It is necessary to delegate tasks in nursing to ensure productivity, care of the patients, training and cooperation. Most nurses avoid delegating tasks because they feel it is easier to do the work themselves. Others find it uncomfortable to take the responsibility of the work of another and prefer not to delegate. These are a few of the issues associated with nurse delegation.
How a nurse delegates tasks will determine how effectively it will be carried out. The important thing for nurses in authority to remember is that they must trust their colleagues and ensure they delegate the right task to the right person. They should also delegate according to the legalities of practice for the different types of health care providers they supervise.
Delegation for Training Purposes
Team leaders delegate tasks to other members of the team. Simply asking a nursing assistant or an LPN to do something is an example of delegation. When it is carried out this way, it is not as intimidating and leads to the development of trust among the members of the nursing team. Nurses who may be reluctant to ask others for help would be more likely to do so in this type of situation. Delegating tasks to others is a skill that nurses need because it helps strengthen training and skills in others.
If delegation is to be effective, tasks should be assigned to nurses who are qualified and capable of completing them. When staffs do not have the proper training to do certain tasks, then this affects the quality care of the patient as well as causing problems between the nurse and the supervisor. At the same time, impeding a nurse from trying new things hinders their learning and growth in the position. It can also lead to nurses leaving to work elsewhere.
Tasks must be assigned in a fair manner. It is not right to show favoritism by giving the same person the easiest or best assignments and giving the tasks no one wants to someone else. Such action will lead distrust in the supervisor and makes for uncomfortable working conditions.
Nurse supervisors also have to be fair in the way in which they distribute the work between the members of the team and what they do themselves. A person should not give the harder tasks to the rest of the staff and keep the easier ones. It also applies to the time periods for breaks and lunch.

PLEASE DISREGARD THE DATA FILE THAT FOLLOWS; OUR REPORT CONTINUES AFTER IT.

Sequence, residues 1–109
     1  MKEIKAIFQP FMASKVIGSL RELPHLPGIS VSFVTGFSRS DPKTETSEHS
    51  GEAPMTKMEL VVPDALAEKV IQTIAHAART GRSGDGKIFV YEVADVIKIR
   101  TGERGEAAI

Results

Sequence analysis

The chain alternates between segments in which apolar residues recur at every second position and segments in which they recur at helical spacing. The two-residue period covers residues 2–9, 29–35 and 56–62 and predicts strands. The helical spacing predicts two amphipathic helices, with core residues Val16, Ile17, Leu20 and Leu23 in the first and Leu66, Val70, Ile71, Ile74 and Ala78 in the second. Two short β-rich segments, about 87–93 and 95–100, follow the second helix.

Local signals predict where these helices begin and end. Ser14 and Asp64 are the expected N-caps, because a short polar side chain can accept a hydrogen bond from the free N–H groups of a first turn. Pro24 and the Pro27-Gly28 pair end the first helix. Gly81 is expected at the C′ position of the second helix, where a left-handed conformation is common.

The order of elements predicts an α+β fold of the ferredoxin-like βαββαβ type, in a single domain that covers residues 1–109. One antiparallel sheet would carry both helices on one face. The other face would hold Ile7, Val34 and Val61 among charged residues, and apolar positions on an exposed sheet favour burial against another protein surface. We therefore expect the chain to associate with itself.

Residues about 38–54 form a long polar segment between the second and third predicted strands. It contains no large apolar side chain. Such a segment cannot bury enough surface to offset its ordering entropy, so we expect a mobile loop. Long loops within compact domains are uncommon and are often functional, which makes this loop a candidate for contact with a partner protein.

Delegation within Jobs
Situations do arise when nurses delegate tasks to unqualified staff. It does not matter whether or not the staff member knows how to do the work because without having the certification and licensing, they are still not permitted to undertake anything that is not in their job description. A task that falls within the duties of an RN has to be performed by an RN. The supervisor or the employer may know that this person is perfectly capable of doing the task well, but this will be going against company’s policy. Asking a person to do something like this is another way of destroying trust among the staff and could lead to disciplinary action.
Get to Know the Staff
Effective delegation rests on being able to get along with others. Nurses need to have exceptional interpersonal skills. When RN’s know their nurses, they will be able to delegate. It is quite possible that the most experienced nurse is not the right one for a specific task. By knowing the staff, an RN can quickly make a decision for delegation. Strengths and weaknesses that make delegation easy are not on a resume.
The opposite is also true. Nursing assistants and LPN’s who know the RN’s will be able to anticipate what needs to be done. They will ask for help when there is something they do not know how to do.
Thorough Explanations and Availability
When RN’s are able to delegate effectively, they must ensure that they are explaining what they want completed thoroughly. Nurses need all of the accurate information to carry out the task, which is why the supervisor has to discuss everything they know about the situation. The RN is always accountable for completion of the task. These guidelines ensure proper delegation among nurses.
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